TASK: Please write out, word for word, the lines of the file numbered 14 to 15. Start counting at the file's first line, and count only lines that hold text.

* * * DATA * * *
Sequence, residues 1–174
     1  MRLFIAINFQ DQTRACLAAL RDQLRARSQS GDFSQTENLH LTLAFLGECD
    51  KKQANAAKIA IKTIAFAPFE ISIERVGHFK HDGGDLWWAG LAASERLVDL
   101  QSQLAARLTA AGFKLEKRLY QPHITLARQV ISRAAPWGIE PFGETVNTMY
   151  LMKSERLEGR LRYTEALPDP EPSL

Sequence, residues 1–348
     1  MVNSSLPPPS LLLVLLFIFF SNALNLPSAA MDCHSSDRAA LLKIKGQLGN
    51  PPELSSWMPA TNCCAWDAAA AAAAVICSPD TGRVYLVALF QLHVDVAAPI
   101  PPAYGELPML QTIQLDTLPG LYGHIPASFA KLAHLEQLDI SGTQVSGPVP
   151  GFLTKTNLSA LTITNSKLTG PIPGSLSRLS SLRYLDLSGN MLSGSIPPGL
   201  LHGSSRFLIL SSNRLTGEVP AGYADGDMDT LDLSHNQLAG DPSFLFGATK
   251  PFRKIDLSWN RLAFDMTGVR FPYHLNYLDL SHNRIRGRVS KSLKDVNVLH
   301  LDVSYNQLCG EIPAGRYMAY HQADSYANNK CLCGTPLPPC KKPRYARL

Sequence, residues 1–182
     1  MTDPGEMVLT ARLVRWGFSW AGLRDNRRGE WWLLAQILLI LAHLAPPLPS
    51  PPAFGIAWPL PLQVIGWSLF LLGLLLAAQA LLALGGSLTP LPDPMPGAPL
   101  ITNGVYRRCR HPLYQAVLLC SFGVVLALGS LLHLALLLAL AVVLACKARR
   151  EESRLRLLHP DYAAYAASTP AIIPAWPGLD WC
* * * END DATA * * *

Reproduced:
Sequence, residues 1–182
     1  MTDPGEMVLT ARLVRWGFSW AGLRDNRRGE WWLLAQILLI LAHLAPPLPS